But the party is hopeless corrupt and totally in the pocket of Wall street because they would not use the special democratic green lantern powers to over come this political reality. Jill or Bernie of course will use that power while giving their inauguration speech and the pink unicorn will arrive in every driveway. And for those w/o a driveway then he will deliver the driveway first and then the unicorn. As I said – delusional.Even Alice’s Red Queen only demanded that 3 impossible things be done before breakfast
Considering that at the time hundreds of “uniformed agents of the American government” (many of them black) were dying in Vietnam every month, not to mention thousands of Vietnamese, reporting on an attempt to subvert a presidential election doesn’t seem like such a bad call.
Christ, of all the reasons to criticize Woodward, you’re mad that he didn’t report on the story you thought was more important forty years later. Better trolls, please.
@Adam L Silverman:
Remember that 1968 had already been an explosive year. Not only the assassination of RFK, but also of MLK and the rioting that ensued, massive antiwar protests, and the Soviet crackdown in Czechoslovakia. I still think of it as a landmark year in my life, when all the shit seemed to be hitting all the fans at once. I’m not sure LBJ’s fears were misplaced.
@danielx: As great as Tbogg’s response is, the comment that prompted it is even funnier in hindsight. Yeah, when will Dems pull troops out of Iraq, rein in Wall Street, reform the tax code, and move on universal health care?
@D58826: Ok can’t edit that comment. Even when the democrats controlled congress from 1968 on they did not have the votes to override a presidential veto.
Rocket science is hard. This is not rocket science
Jack the Second
@schrodinger’s cat: Is the house part of a neighborhood subject to a HOA? What are their rules and governance?
@Mike J: I would put it this way: We will have no idea how much danger we are in — or might avoid — until well after the potentially fateful decision has taken place. It is fatuous to suggest that we might not be in as much danger from a Trump presidency as we were from Nixon’s. I have a hard time understanding which institution, exactly, has been put in place to save us from threats that have not yet materialized. The best thing you can say about Trump, IMO, is that his planning capacity pretty much begins and ends with what serves his ego best, and he is thus most likely to adopt what he perceives to be the position that makes him most popular. Right now, in the Republican primary, that is a pretty odious bill of goods. It might change, but that’s just a guess.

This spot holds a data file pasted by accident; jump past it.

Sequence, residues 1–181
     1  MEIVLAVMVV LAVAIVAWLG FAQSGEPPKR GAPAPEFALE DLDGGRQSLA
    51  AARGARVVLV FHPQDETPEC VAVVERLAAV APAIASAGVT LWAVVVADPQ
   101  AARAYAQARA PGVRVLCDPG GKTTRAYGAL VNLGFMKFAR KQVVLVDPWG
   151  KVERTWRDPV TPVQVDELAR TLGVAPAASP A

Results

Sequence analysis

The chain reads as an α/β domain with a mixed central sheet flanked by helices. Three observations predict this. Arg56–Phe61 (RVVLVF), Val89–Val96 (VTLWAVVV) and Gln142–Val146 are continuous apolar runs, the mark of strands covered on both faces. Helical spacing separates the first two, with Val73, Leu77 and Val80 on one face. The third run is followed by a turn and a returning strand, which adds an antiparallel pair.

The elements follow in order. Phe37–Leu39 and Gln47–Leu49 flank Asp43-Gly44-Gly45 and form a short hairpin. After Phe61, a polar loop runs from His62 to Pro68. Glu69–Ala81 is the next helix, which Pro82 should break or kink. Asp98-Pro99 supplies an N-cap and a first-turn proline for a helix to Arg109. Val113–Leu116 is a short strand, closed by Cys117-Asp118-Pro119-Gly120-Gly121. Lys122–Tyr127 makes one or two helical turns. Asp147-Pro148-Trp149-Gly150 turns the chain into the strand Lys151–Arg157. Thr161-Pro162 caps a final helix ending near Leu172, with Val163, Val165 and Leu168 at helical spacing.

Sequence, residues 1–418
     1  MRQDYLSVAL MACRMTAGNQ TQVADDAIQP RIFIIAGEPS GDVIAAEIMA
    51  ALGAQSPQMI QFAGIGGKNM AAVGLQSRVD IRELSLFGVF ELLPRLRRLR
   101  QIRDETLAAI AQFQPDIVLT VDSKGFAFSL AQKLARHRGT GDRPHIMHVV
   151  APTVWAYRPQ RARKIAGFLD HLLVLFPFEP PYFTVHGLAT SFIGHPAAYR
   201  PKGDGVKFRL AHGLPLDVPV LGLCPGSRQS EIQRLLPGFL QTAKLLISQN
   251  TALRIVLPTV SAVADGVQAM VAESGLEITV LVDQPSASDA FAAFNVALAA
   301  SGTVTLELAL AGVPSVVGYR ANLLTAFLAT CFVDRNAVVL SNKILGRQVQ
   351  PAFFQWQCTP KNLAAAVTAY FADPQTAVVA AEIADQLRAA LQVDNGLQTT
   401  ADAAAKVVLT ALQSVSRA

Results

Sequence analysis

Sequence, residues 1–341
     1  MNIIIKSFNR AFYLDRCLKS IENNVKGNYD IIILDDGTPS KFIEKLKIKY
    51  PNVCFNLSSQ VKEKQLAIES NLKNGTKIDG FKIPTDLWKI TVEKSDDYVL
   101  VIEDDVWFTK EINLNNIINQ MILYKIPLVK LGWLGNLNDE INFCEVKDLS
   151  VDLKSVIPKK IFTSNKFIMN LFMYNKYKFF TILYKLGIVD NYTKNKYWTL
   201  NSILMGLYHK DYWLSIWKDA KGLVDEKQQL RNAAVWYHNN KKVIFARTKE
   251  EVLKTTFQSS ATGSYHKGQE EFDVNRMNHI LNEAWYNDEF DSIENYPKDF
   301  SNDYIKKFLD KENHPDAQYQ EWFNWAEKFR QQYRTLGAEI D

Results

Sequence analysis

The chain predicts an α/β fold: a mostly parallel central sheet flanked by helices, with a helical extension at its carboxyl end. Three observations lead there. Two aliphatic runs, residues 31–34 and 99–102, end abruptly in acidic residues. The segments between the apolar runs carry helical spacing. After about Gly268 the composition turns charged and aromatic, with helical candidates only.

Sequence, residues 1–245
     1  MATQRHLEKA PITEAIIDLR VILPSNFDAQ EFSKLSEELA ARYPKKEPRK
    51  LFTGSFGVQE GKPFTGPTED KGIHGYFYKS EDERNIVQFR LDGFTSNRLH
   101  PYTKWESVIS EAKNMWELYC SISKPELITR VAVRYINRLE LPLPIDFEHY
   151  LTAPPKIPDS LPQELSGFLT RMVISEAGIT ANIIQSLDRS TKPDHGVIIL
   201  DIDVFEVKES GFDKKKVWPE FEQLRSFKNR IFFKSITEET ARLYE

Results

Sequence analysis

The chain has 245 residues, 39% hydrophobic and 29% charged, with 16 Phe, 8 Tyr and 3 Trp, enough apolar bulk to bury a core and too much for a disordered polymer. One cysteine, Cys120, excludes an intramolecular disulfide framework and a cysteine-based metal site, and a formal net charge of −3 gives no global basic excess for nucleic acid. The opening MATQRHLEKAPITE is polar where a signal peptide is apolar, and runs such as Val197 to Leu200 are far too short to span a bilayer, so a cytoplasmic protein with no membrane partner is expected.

@Baud: G. Gordon Liddy would turn your office upside-down for a comment like that and then he’d have Checkers leave you a special present on the carpet.
@schrodinger’s cat: Somewhere early on you will want to line up a good home inspector.
Also check to make sure your realtor represents only you and doesn’t have a conflict by representing the seller of any property that you look at.
And when you sign on the dotted line get property ins. coverage. Your apt./car ins. company can help on that.
Check if the property is in a flood plain as flood ins. would be a good idea.
Title insurance is a must also.
A good realtor will probably tell you all of these things anyway.
@dmsilev: even with professional inspection, some expensive issue will pop up fairly soon after you move in. It’s the way of houses. So it’s important to set & stick to a budget that will allow you to have some funds available for a repair bill. Realtors tend to be optimistic about what you can “afford”.
Oh, is that how the kids are saying “expand upon” these days?
@Barbara: The institutional differences between 1968 and now 1. the democrats controlled both houses of congress. 2. congressional republican were not crazy. Howard Baker on the Watergate committee and a number of house republicans on Judiciary who voted yes on articles of impeachment come to mind. 3. SCOTUS was not a bought and paid for part of the GOP like it was till Scailia’s death and will be again if the GOP gets to fill the open seat. .
@schrodinger’s cat: Don’t trust anything the agent tells you, no matter how nice they seem. I learned that the hard way. Get an independent home inspection in your offer and find him or her from friends who have bought houses or organizations like NAHI or ASHI. I learned that the hard way. Good luck!
@Iowa Old Lady: You can’t remember presidents who were in office before you were born, so you cannot expect young voters to remember Nixon or W. At best they were toddlers or pre teens when Doubts was in office. You also cannot expect young voters to spend a lot of time putting their lives into perspective or weighing the merits of various presidents.
Otherwise, as far as I am concerned, Nixon is not a danger. He’s gone and we survived him. The history is interesting, but the Political Now is about defeating Trump.
Not counting the current opening it would be two liberal to moderates, which would not change the courts direction and one unreliable whishy washy Kennedy which would flip the balance. Garland obviously flips the balance if he is confirmed. That is assuming the grime reaper works based on age. Kennedy at 77 is the youngest of the three elders. Thomas is 67/68 and the rest are much younger.